Most of the existing protocols still waste energy on a long preamble packet for waking up a receiver or long idle listening for checking potential communications. This issue can be addressed by a complementary cooperation between CSMA/CA and preamble sampling; nodes selectively benefit from advantages of two approaches: contention resolution ability and synchronized schedules of CSMA/CA based scheduling and short idle listening of preamble sampling. To accomplish this, A+MAC exploits preamble sampling period called wakeup preamble period at the beginning of a cycle as shown in Figure 2. During the wakeup preamble period, each node checks only the channel state. If channel is busy, then all the listeners extend their active period to include SYNC/RTS periods. Otherwise, the node goes back to sleep immediately, reducing the duration of the active period and thus minimizing idle listening without performance loss. A wakeup preamble contains no information since it only notifies the presence of communications. Therefore, A+MAC tolerates collisions between multiple wakeup preambles.

784509.fig.002
Figure 2: Operations of nodes in A+MAC.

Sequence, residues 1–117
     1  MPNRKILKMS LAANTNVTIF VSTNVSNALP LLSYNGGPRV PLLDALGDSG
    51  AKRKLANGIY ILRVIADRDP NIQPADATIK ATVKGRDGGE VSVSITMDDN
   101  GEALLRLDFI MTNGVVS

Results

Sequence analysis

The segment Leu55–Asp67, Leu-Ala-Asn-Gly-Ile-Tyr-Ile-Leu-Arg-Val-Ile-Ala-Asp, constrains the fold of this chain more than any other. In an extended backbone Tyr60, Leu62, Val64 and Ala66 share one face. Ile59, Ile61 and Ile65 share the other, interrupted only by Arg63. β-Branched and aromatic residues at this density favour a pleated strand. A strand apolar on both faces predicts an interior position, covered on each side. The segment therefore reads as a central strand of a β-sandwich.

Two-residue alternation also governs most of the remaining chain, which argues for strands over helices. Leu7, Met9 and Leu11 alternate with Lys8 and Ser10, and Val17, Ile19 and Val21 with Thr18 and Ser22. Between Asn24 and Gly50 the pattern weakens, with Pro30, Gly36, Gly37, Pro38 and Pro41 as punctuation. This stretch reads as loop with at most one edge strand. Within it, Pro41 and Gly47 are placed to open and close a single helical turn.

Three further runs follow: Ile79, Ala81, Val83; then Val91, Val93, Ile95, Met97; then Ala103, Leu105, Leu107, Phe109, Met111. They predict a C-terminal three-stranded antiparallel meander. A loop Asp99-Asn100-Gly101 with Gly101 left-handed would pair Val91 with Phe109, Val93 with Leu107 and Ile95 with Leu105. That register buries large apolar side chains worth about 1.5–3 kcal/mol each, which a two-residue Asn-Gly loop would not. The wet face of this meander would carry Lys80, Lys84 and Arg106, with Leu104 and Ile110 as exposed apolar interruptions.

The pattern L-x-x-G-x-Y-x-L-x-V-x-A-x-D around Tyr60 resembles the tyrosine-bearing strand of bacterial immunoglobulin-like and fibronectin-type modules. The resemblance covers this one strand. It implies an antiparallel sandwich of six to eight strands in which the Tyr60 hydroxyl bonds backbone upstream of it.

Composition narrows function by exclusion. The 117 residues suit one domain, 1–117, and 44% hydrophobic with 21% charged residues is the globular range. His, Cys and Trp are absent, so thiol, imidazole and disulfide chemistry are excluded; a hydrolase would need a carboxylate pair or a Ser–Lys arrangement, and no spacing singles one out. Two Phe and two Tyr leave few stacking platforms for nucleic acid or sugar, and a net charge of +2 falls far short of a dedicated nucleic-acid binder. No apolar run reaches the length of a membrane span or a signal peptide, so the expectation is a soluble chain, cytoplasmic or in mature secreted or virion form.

Since with A+MAC each node coordinates wakeup schedule with neighbor nodes, a sender can send a short preamble just at the receiver’s wakeup preamble period. In A+MAC the length of the period, , has to be long enough to check the channel state. depends on the time for radio initialization, radio turn-on, switching a communication module to Rx or Tx, and sampling channel. For an example, CC1000 consumes 2.5 ms for all the operations [15]. Note that clock synchronization is carried out before clock drift becomes bigger than a guard time [17]. The guard time usually depends on the accuracy of a clock, synchronization error, and channel switching time. Since a sender’s clock may be faster or slower than a receiver’s clock, a wakeup preamble is as long as .